Paws On Durham is pleased to announce that Rebecca Forcier will serve as the new Field Assistant for the company. Rebecca is a recent Duke University graduate and brings great energy to the position. Rebecca's main function will be to serve on the front lines with our clients and the humans that care for them. She will also interact closely with our team of pet sitters to ensure quality and consistent pet care. Read more about Rebecca's qualifications here. We look forward to great things from Rebecca. We know she'll be a great asset to Paws On Durham!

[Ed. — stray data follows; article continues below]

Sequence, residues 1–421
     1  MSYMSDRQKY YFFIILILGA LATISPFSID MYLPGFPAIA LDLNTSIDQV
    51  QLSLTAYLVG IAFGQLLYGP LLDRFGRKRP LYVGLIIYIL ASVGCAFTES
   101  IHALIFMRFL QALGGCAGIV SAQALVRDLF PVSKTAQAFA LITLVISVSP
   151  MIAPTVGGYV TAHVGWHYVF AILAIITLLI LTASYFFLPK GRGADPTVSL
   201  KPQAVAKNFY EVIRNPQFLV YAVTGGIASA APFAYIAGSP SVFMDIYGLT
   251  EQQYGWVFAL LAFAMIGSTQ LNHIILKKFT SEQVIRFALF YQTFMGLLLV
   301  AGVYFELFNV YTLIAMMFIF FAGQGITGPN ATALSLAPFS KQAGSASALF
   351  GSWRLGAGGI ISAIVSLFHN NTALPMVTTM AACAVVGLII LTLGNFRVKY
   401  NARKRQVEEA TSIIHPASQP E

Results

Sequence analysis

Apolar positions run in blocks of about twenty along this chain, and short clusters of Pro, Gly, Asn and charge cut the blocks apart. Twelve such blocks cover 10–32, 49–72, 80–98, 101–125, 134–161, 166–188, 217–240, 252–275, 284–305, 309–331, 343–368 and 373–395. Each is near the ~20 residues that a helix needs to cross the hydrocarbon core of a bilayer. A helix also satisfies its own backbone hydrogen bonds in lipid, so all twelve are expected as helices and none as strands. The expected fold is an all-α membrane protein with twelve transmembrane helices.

For the past month, I’ve been thinking about the events that unfolded last year after the veterinarian spoke the most horrific words to me, “Lulu has cancer.” My heart stopped and my darkest nightmare had just become reality. And in the blink of an eye, she was gone. I’ve played the scene in my mind over and over in the past year, and it never ends well. She’s still gone, and my heart still aches for her. As I write this, I think to this exact time of day last year, sun shining, cloudless sky, a slight chill in the air. We walked Lulu in her wagon to get her some fresh air. She was severely anemic at the time, and could not walk without becoming weak. So we loaded her in the wagon and took a nice stroll in the neighborhood, took her out of the wagon, let her walk in some nice grass, and took some lovely pictures with her. They would be our last pictures and our last walk with her. That night, Lulu ate little and was very weak. She laid in her bed and watched my every move as I made dinner. The radio was on, and Joe Cocker’s, “You are so beautiful” came on. I laid on the kitchen floor with Lulu and held her in my arms as tears streamed down my face. I knew it would not be long. In the early hours of the morning, Lulu’s breathing was labored, and I knew it was time to call the veterinarian. She arrived a short while later, and as we laid on the floor with her, the doctor gave Lulu a shot to help her sleep. As she took her last breath, Lulu licked my nose to tell me goodbye. Lulu was no longer in pain, but for me, the pain and longing has never stopped. A few minutes ago, I laid on the floor and enjoyed a sunbeam as it shone through the window. As my eyes closed, I remembered all the other beautiful sunbeams I enjoyed with Lulu and her brother Monty. Monty would lay near me, and Lulu would balance herself on my chest or on my ribs if I laid on my side. Such a perfect way to love and be loved by my pups. These I count as my most precious and heartwarming moments. The year has passed quickly, and though time has healed some of the wounds, not a day goes by that I don’t think about Lulu…her face, her personality, her smell, her soft fur, and her constant companionship. She was my sweet and special girl. Daddy’s girl. As with Monty, Lulu’s remains are on our mantel, and I greet her every morning and bid her a good night every evening. She was a faithful companion for three days short of 11 years, and I owe her my lasting gratitude and love. I can’t reverse time to undue Lulu’s fate, however, I can look to the future in anticipation of enjoying a perfect sunbeam in Heaven with her. Until we meet again, Little Girl.